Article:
Poland expels four Russian diplomats
Poland has decided to expel four Russian diplomats in response to a recent attempt to assassinate British-resident former Russian double agent Sergei Skripal and his daughter. According to the British side the attempt was most probably masterminded by Russia.
"Poland has decided to declare four Russian diplomats persona non grata. I want to emphasise that the decision expresses Poland's solidarity with Britain," Polish foreign minister Jacek Czaputowicz said. He added that the Russian ambassador in Warsaw, Sergei Andreev, was notified about the decision earlier on Monday.
Czaputowicz said the deadline for the expelled Russians was April 3, which left them with sufficient time to prepare their departure. He declined to reveal the diplomats' names, informing only that some of them had been involved in "illegal activities" outside of their diplomatic duties.
"The diplomats we have pointed out have been pronounced persona non grata because their activities have been found to run against the Vienna Convention clauses on diplomatic activity. In other words, they were involved in activities which were not necessarily diplomatic,", the minister said.
Commenting on the attempt on Skripal, Czaputowicz called it "the first time in the history of post-war Europe that chemical weapons were used against civilians."
Czaputowicz said Poland's expulsion of the four Russian diplomats was part of a broader international response to the attack on Skripal. Asked how many EU members planned to expel Russian diplomats from their territory, he said that according to his knowledge such steps were being considered by around eight countries.
Shortly after Czaputowicz's statement, the European Council head, Donald Tusk, informed that 14 EU states had decided to expel Russian diplomats.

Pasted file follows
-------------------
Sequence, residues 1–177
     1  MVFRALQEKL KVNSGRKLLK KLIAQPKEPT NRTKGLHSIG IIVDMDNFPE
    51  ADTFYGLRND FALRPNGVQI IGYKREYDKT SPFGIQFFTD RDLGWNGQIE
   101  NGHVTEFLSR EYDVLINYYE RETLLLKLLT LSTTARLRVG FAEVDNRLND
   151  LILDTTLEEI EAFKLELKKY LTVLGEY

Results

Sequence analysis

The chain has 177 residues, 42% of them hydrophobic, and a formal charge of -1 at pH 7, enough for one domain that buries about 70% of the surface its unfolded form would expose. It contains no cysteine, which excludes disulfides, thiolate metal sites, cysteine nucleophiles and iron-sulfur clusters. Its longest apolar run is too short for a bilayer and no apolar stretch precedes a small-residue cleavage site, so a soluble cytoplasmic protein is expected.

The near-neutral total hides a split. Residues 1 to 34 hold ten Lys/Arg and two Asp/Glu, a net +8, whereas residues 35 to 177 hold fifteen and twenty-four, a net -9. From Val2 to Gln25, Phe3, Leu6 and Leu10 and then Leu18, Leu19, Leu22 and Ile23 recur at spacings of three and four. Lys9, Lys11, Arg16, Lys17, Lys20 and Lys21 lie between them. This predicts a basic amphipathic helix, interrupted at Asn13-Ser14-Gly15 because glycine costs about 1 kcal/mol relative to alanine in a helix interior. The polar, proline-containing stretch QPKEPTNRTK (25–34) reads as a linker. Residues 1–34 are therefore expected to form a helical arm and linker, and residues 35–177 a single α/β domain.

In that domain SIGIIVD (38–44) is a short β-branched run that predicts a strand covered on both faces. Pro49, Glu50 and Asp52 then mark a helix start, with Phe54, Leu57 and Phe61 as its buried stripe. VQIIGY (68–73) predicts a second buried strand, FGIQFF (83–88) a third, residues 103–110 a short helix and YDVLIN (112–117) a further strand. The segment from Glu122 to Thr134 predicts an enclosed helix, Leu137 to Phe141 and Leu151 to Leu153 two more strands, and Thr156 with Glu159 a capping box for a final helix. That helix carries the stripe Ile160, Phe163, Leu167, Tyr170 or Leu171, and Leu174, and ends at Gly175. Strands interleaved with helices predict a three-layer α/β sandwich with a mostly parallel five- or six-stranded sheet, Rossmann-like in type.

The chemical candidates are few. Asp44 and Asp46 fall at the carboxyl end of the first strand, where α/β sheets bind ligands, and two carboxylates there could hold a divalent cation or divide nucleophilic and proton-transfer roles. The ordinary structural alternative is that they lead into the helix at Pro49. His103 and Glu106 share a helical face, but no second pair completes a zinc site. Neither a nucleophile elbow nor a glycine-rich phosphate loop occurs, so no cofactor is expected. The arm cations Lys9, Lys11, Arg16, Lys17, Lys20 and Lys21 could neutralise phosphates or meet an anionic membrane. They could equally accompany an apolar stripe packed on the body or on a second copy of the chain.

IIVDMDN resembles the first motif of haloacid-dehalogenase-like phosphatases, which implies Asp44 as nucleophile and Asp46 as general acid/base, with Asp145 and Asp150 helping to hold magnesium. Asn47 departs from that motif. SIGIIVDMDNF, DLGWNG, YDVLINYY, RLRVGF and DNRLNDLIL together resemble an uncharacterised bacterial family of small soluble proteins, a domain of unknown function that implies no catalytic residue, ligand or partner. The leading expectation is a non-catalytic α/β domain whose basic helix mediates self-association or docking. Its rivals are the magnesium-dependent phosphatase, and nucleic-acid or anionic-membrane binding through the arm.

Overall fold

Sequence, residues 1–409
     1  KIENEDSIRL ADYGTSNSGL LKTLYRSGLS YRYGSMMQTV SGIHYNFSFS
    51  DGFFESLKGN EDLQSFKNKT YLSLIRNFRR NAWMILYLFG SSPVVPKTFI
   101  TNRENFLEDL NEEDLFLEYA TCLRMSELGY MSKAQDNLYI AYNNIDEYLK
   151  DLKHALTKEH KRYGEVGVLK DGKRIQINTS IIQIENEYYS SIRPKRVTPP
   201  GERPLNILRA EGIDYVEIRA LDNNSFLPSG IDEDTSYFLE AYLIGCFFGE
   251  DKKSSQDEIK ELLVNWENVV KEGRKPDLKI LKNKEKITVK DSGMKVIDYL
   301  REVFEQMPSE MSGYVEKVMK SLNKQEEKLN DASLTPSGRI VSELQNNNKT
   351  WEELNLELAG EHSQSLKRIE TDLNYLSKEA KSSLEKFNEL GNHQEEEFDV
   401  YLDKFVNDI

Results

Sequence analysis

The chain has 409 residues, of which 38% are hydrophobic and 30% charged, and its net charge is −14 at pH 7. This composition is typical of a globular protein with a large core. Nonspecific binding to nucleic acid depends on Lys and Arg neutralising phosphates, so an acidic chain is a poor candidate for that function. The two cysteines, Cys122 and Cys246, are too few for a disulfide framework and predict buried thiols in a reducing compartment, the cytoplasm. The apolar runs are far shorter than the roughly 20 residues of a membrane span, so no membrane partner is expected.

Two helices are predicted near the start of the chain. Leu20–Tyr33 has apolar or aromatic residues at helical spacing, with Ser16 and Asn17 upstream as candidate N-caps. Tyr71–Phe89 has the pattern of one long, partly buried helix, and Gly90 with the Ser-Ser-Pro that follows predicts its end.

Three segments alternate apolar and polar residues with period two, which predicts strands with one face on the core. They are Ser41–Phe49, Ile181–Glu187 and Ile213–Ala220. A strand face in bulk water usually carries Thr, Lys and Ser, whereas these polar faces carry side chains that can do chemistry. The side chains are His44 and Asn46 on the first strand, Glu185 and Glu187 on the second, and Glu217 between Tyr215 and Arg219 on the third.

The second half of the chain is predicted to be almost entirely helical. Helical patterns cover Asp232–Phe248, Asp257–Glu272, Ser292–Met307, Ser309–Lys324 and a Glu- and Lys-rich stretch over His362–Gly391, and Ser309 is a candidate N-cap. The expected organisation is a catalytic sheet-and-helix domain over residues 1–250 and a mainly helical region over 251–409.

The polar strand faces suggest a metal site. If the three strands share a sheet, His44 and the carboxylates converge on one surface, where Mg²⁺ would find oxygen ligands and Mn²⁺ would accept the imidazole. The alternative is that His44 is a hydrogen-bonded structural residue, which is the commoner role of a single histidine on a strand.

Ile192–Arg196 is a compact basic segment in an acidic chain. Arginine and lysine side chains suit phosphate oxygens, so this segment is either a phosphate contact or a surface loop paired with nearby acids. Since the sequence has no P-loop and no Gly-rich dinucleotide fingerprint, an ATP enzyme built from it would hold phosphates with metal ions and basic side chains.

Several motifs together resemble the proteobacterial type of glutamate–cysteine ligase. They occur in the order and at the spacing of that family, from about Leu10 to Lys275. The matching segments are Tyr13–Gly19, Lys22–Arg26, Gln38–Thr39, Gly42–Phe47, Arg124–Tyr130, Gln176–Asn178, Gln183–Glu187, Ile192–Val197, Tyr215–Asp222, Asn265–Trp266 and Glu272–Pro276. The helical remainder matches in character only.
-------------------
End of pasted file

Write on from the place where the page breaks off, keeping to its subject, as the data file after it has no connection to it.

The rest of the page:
Czaputowicz said Poland expected retaliatory steps by Russia and the expulsion of Polish diplomats from Moscow. He added, however, that Poland reckoned with such costs and stressed that the Polish government's main objective in the matter was to show solidarity with Britain in connection with the Skripal affair.
Asked if the expulsions were linked to Friday's arrest of a Polish ministry official suspected of commercial espionage for Russia, Czaputowicz said the issues were unrelated but signalled that "threats from the Russian side need to be taken seriously."
Krzysztof Lapinski, spokesperson for Polish President Andrzej Duda, said earlier on Monday that the European response to the attack on Skripal should be "severe for the Vladimir Putin regime."
Deputy Foreign Minister Konrad Szymanski said the expulsions were not "a final gesture", and observed that Poland hoped the EU continues with its determined stand towards Russia.
Besides Poland, expulsions of Russian diplomats have been announced by the US, Canada, Ukraine, Germany, France, Italy, Holland, Denmark, the Czech Republic, Romania, Finland and the Baltic States.